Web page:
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Article: The History of the Cold Brew Method

Coffee Brewing

The History of the Cold Brew Method


Cold brew is a unique brewing method that produces smooth, bold, and delicious iced coffee - perfect for those hot Arizona summers! Although cold brew has gained popularity relatively recently in the United States, its history dates back to the early 1600s in Japan. 

The original Japanese cold brew method was actually used for tea rather than coffee. The Japanese would use cold river water to steep tea for an extended period of time, allowing the drink to be brewed without hot water. In the mid-1600s, when Japan was under the rule of the Netherlands, the Dutch adapted this method and used it for coffee. They made a cold brew coffee concentrate that not only removed the necessity of hot water, and therefore open flame on their ships, but was also easier to store during maritime transportation. The Dutch shared their love for this early version of cold brew by bottling and selling it in port cities and bringing it back to Japan. Further development on cold brew methods and systems have been developed in Kyoto since cold brew’s early creation. When you hear of Kyoto-style cold brew today, it is usually in reference to cold brew coffee made with a siphon system one drop of water at a time.

Over the next few hundred years, cold brew continued to gain popularity around the world. People loved how easy it was to brew, store, and transport - which made it especially popular for military troops. In the 1800s, France began to cut coffee grounds with chicory root in an effort to make cold brew more cost-effective. Many coffee drinkers found that this added ingredient actually added a pleasant flavor, despite it initially being an economic tactic. The chicory root cold brew made its way over to New Orleans in the United States and is still enjoyed today.

Fast forwarding to the 1960s, an American chemical engineer named Todd Simpson made a discovery that revolutionized the way cold brew coffee was made and officially made it one of the most popular coffee beverages in the U.S. Simpson traveled to Peru on a botanical expedition and used cold brew concentrate to fuel his research during his time abroad. He found that cold brew concentrate is not only good when mixed with cold water and ice, but also when mixed with hot water. This inspired Simpson to make a cold brew system called the Toddy, which happens to be one of our favorite coffee makers for both household and commercial use.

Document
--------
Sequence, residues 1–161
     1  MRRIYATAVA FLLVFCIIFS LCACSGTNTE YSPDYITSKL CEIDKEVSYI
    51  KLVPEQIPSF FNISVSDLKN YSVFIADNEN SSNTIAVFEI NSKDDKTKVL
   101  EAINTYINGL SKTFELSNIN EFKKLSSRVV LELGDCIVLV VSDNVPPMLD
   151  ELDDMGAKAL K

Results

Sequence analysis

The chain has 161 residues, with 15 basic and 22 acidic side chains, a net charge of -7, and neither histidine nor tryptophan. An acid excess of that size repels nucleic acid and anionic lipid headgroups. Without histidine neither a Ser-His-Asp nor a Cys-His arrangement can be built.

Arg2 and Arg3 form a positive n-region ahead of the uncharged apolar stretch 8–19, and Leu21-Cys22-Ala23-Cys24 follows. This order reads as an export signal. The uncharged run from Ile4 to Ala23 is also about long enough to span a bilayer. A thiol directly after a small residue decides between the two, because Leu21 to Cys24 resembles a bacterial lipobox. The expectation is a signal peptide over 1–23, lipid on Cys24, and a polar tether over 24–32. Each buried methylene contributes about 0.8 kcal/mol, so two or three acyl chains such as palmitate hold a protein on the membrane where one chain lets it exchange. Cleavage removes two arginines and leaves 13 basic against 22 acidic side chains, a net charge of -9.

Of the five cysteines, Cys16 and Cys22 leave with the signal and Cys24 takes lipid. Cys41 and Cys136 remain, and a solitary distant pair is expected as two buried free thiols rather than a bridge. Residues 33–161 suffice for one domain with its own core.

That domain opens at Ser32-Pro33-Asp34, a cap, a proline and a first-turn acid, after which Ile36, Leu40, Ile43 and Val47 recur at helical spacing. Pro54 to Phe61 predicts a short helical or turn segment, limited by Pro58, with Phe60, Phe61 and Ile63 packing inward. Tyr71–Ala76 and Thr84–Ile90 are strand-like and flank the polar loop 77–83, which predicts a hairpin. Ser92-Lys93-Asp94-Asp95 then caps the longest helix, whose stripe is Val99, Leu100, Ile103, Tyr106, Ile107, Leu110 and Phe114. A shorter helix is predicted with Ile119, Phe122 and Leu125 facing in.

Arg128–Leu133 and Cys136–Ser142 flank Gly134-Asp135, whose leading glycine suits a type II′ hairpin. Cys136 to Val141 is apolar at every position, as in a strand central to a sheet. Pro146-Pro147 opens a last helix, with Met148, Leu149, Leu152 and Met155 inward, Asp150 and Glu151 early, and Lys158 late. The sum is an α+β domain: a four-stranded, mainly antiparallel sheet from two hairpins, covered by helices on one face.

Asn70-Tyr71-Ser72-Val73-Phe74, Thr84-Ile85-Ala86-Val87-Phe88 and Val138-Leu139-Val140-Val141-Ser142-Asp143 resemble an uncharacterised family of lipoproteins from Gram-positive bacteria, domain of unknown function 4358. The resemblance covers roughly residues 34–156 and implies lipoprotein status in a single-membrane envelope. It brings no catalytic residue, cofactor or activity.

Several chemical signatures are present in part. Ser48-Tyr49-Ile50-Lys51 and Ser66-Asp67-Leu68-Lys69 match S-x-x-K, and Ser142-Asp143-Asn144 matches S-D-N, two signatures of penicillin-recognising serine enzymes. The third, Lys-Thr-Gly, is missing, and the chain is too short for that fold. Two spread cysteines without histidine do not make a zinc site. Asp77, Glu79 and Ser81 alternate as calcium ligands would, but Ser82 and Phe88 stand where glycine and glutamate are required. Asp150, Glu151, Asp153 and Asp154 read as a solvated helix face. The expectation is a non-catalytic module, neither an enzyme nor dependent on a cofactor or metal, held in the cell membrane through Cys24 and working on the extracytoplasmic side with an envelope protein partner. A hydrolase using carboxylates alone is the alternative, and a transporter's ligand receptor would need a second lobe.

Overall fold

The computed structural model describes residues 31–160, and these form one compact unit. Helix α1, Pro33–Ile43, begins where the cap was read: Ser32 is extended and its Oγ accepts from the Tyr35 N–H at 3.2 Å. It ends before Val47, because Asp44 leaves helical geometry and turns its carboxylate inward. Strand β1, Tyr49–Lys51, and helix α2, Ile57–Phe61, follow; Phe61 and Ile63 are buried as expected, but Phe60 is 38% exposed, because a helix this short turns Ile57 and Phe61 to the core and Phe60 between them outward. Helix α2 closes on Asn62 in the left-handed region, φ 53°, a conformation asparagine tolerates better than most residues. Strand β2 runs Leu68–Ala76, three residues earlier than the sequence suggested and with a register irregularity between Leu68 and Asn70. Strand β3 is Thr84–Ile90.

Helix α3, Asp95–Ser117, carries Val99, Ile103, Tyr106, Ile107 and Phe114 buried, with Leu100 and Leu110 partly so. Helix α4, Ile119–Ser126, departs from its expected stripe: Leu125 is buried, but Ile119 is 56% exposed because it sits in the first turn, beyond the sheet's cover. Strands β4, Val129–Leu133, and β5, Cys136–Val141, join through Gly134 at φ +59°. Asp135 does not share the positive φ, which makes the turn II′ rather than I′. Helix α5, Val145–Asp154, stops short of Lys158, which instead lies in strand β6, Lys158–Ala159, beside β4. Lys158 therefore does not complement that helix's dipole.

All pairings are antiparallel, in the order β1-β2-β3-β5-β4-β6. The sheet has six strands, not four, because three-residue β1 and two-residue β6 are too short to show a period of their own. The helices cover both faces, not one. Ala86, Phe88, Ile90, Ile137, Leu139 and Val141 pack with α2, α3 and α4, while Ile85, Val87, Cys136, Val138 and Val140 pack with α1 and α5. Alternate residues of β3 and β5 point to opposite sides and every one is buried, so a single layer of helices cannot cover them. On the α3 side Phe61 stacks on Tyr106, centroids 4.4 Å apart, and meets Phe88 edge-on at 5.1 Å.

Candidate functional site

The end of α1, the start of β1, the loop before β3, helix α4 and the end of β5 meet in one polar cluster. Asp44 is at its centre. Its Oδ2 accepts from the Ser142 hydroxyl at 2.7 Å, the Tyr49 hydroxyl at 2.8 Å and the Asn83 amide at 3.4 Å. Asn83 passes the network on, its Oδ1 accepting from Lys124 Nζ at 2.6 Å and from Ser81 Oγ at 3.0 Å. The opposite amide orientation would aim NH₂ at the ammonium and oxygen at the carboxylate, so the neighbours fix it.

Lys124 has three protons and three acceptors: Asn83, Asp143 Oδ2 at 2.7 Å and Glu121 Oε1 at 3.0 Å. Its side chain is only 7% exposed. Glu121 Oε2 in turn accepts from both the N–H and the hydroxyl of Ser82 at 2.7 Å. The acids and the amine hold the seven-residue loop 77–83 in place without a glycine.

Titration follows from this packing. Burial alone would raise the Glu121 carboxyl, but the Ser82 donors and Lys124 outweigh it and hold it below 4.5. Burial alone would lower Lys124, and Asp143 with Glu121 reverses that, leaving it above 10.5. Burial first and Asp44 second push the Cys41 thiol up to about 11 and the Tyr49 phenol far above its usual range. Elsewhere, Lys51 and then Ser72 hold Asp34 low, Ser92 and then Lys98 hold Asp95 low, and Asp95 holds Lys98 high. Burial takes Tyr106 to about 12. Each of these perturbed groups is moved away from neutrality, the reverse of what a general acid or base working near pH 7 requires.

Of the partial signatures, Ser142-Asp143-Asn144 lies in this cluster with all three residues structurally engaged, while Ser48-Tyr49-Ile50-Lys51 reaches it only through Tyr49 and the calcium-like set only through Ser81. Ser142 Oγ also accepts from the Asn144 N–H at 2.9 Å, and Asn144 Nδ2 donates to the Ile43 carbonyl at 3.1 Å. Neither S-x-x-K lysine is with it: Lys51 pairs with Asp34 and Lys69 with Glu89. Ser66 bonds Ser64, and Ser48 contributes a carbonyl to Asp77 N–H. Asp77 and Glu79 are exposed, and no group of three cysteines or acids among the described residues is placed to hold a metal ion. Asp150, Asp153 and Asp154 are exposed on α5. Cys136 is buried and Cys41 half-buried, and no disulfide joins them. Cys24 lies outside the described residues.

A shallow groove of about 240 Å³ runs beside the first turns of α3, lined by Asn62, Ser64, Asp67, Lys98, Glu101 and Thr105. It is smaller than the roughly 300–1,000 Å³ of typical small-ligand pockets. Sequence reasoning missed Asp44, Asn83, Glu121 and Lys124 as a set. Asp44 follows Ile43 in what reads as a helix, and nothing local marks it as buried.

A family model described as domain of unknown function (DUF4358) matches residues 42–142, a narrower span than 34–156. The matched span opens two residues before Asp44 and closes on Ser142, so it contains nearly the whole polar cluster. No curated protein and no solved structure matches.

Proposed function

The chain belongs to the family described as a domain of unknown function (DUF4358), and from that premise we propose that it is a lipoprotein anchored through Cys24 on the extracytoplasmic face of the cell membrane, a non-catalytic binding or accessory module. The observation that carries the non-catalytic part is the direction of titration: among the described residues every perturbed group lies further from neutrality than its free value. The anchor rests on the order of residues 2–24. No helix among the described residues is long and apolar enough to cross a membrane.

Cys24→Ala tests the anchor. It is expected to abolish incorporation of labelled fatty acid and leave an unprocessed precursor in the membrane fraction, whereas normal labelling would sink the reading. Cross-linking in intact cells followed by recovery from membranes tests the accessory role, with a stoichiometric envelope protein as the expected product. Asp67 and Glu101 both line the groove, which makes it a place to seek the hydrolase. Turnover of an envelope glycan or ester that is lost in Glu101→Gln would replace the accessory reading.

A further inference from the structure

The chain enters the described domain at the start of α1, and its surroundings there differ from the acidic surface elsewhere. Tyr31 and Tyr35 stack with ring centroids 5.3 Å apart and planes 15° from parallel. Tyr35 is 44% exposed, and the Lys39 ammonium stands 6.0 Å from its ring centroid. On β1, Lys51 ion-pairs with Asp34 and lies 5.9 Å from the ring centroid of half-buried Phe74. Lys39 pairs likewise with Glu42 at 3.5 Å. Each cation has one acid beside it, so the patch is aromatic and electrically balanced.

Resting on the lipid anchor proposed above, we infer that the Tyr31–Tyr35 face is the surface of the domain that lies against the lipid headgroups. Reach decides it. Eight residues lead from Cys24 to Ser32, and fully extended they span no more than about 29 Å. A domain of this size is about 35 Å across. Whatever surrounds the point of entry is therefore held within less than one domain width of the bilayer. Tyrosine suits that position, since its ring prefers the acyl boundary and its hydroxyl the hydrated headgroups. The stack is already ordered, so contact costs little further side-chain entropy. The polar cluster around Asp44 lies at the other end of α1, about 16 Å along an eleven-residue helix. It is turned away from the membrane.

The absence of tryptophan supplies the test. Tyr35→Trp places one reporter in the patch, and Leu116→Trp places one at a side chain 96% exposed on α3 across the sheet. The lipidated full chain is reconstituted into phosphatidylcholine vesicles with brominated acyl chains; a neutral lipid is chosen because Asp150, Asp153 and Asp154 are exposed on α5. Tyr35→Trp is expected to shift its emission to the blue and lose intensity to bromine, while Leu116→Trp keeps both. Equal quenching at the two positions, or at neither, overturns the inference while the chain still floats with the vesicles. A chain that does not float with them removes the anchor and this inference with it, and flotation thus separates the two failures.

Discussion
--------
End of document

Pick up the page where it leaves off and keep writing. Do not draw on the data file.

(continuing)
After Simpson helped cold brew coffee get its final push of popularity, the drink became a nationwide favorite as we entered the 21st century. Now, you can find cold brew at just about any coffee shop, bottled or canned at the grocery store or gas station, or you can make it at home. 

Cold Brew vs. Iced Coffee

The main difference between cold brew and regular iced coffee is that cold brew is never exposed to heat, while iced coffee is brewed hot and then poured over ice. In addition to being one of the easiest ways to make an iced coffee drink, cold brew has also been found to create coffee that tastes less bitter and acidic. This not only creates a decadent and smooth cup of coffee, but it can also be gentler on sensitive stomachs. Because of the rich flavor that cold brew creates, we at Sagebrush tend to use coffees with creamy or chocolatey flavor notes, rather than fruity or floral ones. 

Another noteworthy distinction between cold brew coffee and regular iced coffee is that cold brew tends to have higher caffeine content. According to studies published by Healthline, a 16 oz cold brew coffee usually contains over 200 mg of caffeine. In comparison, a 16 oz regular iced coffee tends to have an average of 165 mg and a shot of espresso has an average of 150 mg. That being said, cold brew can supply you with the caffeine boost you need for a busy summer, but you should be mindful of the increased levels if you are trying to cut back on caffeine.


While there are a handful of cold brew recipes and ratios out there, and you may want to experiment to see what fits your personal preferences, here is the recipe we use here at Sagebrush. 

Ratio: 1 cup ground coffee to 4 cups cold water

  1. Grind your coffee beans coarsely.
  2. Pour cold water into a large pitcher or container. We recommend the one included in the Toddy system. 
  3. Gradually add the coffee grounds to the water and stir gently. Make sure all of the grounds are completely submerged. 
  4. Cover the container and let sit in the fridge for at least 12 hours, preferably overnight.
  5. Strain coffee grounds using a fine-mesh strainer or the Toddy cold brew filters. If you do not have either of these tools, you can also use a cheesecloth. 
  6. Store your cold brew coffee in the refrigerator and enjoy!

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